According to TechCrunch, the circles turned out to be too complicated for a lot of users and people weren’t allowed to create accounts with pseudonyms. Google+ eventually reversed its decision about pseudonyms.

Last year, Google+ relaunched its platform with a focus on communities and collections. I don’t think that at that point, anyone cared. (Collections are a way to group your posts by topic. You can share each collection publicly, privately, or with a particular group of people.)

I bring up the topic of Google+ because last week I deleted the Google+ comment moderation plugin from my blog. I just don’t see many writers who actively read my blog on Google+. In fact, I don’t recommend Google+ to authors anymore.

Google+ had a storied beginning yet today it does feel like a ghost town.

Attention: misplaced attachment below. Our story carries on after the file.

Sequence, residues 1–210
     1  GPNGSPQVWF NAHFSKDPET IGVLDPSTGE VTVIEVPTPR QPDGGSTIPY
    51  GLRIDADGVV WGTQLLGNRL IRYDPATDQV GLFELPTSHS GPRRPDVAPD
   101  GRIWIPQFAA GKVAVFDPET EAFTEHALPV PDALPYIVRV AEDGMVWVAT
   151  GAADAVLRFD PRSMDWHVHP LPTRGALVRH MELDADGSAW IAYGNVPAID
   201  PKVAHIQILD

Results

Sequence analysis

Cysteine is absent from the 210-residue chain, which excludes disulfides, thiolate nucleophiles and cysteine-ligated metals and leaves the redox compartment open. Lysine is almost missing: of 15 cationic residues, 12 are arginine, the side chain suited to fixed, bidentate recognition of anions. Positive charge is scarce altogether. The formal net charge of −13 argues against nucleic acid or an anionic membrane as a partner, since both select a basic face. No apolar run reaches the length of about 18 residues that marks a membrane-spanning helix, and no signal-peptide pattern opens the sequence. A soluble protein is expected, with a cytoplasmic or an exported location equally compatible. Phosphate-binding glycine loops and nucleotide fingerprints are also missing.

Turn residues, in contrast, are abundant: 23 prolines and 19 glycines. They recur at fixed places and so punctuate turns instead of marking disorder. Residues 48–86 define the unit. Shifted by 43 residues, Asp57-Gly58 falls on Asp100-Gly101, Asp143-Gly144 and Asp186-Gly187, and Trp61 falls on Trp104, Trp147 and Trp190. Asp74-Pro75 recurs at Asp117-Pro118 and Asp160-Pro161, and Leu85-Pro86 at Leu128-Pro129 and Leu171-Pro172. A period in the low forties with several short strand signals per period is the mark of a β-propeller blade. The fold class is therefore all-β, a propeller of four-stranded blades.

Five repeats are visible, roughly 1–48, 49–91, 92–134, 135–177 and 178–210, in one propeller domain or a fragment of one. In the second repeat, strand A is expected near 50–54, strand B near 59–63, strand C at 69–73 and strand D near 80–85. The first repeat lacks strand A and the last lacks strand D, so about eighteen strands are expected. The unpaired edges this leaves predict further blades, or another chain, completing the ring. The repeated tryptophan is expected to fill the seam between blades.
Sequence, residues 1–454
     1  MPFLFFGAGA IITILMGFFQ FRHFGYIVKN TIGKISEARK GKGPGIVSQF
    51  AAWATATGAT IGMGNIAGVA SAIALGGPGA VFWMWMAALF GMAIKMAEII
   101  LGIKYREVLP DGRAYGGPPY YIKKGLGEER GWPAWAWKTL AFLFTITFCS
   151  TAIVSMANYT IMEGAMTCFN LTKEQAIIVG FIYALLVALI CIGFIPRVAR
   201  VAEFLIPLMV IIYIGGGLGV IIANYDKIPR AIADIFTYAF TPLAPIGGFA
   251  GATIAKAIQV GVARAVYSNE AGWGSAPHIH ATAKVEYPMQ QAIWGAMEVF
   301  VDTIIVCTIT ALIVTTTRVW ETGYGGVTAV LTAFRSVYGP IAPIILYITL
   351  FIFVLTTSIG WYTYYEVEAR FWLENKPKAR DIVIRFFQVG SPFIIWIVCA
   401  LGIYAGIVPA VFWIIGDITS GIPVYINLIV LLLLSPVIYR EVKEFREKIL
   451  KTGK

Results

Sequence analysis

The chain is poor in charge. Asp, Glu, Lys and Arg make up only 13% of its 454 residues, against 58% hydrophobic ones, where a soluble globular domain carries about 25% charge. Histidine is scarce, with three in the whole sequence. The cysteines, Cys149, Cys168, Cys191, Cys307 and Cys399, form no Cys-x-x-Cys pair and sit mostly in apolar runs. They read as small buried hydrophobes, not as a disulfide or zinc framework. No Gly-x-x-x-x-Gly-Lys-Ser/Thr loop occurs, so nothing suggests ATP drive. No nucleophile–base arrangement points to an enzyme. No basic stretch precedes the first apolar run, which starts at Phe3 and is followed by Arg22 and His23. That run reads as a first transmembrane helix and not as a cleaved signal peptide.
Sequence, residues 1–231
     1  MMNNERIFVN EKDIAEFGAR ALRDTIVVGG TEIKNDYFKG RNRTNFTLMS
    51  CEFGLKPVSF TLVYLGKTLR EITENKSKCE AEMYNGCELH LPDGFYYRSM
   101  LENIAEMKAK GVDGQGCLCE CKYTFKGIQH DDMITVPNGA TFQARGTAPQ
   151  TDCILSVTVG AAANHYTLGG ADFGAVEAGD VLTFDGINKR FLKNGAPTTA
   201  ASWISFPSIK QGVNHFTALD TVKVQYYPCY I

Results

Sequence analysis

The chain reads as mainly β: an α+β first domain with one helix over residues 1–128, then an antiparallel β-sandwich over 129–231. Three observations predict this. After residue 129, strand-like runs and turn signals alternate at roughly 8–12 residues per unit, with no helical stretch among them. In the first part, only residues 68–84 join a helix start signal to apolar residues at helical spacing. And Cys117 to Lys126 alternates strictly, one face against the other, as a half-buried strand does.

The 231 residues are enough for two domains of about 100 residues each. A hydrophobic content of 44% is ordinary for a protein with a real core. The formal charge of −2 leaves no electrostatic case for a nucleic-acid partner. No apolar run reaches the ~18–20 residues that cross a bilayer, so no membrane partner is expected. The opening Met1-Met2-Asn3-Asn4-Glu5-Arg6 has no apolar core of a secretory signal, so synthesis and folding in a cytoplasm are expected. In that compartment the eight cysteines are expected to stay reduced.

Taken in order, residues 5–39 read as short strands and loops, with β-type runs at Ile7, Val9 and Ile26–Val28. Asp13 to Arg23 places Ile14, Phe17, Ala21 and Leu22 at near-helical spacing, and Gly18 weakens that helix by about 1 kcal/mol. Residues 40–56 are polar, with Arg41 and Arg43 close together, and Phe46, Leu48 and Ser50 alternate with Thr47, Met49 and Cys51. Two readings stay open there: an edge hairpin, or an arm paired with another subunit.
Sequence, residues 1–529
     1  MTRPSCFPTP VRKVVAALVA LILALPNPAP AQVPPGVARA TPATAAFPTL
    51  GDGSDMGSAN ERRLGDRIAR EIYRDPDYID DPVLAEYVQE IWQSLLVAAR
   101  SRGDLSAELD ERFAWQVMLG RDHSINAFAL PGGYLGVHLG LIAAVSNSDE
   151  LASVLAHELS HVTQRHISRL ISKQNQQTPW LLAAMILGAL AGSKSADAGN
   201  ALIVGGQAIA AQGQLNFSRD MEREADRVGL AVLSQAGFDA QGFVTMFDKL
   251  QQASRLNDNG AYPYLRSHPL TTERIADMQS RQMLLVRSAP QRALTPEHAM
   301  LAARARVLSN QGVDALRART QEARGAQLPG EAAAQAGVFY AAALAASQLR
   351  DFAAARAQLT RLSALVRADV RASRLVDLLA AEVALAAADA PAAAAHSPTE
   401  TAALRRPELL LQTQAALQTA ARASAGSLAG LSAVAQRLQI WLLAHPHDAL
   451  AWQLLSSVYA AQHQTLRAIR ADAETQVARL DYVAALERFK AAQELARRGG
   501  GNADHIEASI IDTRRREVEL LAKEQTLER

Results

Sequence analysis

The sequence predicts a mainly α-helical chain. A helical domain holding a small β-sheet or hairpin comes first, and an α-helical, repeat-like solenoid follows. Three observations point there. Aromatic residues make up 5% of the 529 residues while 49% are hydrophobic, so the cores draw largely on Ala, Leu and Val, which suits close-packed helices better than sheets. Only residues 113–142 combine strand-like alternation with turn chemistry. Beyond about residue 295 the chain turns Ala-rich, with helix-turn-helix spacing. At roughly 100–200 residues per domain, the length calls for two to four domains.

Authors: Not Sure What to Tweet? Try These 44 Tweets Today by Frances Caballo, AuthorFrances Caballo is an author and social media strategist and manager for writers. She’s a regular speaker at the San Francisco Writers Conference. In addition, she’s a contributing writer at, blogger and Social Media Expert for BookWorks, and blogger at Bowker’s Self-Published Author. She’s written several social media books including The Author’s Guide to Goodreads and Social Media in 30 Minutes a Day. Her focus is on helping authors surmount the barriers that keep them from flourishing online, building their platform, finding new readers, and selling more books. Her clients include authors of every genre and writers’ conferences. Not sure how you’re doing online? Sign up for my free email course.